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Social Innovation & Social Enterprises

At Ryerson, research and entrepreneurship are deployed to achieve both social and for-profit goals. As Canada’s first Ashoka Changemaker Campus, Ryerson students and faculty continue to challenge societal norms by creating initiatives, developing companies, and pursuing action to address the needs of diverse communities.

A variety of seed funds and grants were dispensed to nearly 40 students and faculty in 2015-16 to support social innovation. Eight students were awarded funding, alongside nine faculty members, courtesy of Ryerson’s Partnership for Change: The RBC Immigrant, Diversity and Inclusion Project. Fourteen students and eight faculty members also received RECODE at Ryerson awards from the university, with funding obtained from the J.W. McConnell Family Foundation for social innovation projects.

Students and staff sit at round tables listening to a presentation.

FCS in Action: The Refugee Crisis

Ryerson professors Melanie Panitch and Kiaras Gharabaghi organized the inaugural social innovation conference for Ryerson’s Faculty of Community Services, called FCS in Action: The Refugee Crisis. The conference brought together students, faculty, and community members working in the areas of social innovation and refugee resettlement, in order to find new ways to act on one of the most complex community service challenges of our time. Through inclusive participation and ongoing discussion, the conference explored several pressing issues affecting refugees, including health and well being, nutrition, employment, education and housing.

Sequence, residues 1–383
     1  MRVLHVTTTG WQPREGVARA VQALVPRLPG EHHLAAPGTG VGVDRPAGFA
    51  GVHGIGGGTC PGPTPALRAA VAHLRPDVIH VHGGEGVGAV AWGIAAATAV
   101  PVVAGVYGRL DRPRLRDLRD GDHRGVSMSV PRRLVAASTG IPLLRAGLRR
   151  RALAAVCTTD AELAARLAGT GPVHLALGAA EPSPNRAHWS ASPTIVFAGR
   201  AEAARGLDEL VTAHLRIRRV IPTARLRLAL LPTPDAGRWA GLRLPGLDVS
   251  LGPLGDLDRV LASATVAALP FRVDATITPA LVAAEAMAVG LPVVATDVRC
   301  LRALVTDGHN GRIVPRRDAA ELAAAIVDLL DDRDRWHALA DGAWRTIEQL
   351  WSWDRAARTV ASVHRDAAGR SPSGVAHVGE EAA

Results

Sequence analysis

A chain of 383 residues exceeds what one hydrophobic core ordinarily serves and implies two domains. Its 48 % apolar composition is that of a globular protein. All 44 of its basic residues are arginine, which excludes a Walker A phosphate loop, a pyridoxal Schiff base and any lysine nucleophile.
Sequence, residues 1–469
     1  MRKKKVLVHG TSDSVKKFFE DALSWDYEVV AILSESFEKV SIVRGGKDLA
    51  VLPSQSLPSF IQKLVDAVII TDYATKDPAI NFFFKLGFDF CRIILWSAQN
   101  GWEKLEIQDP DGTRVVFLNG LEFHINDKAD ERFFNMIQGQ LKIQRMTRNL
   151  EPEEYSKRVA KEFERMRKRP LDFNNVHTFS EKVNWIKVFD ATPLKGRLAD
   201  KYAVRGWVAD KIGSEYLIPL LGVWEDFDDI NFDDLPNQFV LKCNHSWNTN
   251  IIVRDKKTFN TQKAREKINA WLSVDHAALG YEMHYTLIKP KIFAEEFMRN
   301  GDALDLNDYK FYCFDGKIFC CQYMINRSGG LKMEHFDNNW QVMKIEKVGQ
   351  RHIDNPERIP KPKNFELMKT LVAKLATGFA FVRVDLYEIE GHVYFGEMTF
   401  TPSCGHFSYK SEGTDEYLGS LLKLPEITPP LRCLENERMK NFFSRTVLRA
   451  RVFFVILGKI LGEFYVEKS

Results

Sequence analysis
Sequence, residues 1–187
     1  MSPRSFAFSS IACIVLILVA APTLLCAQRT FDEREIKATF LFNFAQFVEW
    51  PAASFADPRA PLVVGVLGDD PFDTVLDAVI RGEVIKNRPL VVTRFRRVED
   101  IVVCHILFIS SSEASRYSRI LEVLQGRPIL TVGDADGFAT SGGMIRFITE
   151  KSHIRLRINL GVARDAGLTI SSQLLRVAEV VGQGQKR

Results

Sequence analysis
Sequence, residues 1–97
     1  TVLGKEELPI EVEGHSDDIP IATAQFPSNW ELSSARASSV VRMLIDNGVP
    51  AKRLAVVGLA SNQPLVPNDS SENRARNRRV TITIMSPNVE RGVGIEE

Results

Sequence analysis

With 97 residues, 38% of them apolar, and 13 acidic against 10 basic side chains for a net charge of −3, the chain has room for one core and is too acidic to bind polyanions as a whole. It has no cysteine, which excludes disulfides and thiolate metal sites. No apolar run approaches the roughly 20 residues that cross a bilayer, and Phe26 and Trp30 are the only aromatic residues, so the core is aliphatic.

Students stand in front of a geodesic growing dome.

Growing North

Ryerson students Stefany Nieto and Benjamin Canning are working with a team that includes several other Ryerson students and graduates to help manage the project "Growing North," which is supported by the RECODE at Ryerson Project along with a number of other partners. The Growing North initiative is working to combat food insecurity in northern Canada. Recently, the team helped to establish a specially designed geodesic growing dome in Naujaat, Nunavut that will allow the community to grow its own food year round, thus reducing costs and increasing access to fresh fruits, vegetables and herbs. The project has received media coverage from outlets that include the Toronto Star, CTV News and Yahoo! News, and it has expanded to work with additional northern communities.

A Toronto street, bustling with traffic.

The World in Ten Blocks

Two graduates from Ryerson's documentary media program, Marc Serpa Francoeur and Robinder Uppal, received funding through theRBC Immigrant, Diversity and Inclusion Project, which they used to create "The World in Ten Blocks", an interactive documentary exploring Bloorcourt village, one of Toronto's most diverse neighbourhoods. The project has been featured by the Globe and Mail, on Bell Fibe TV, and has also been a part of the Hot Docs Festival. It has gained international attention as a potential model for how digital technologies can be used to build community.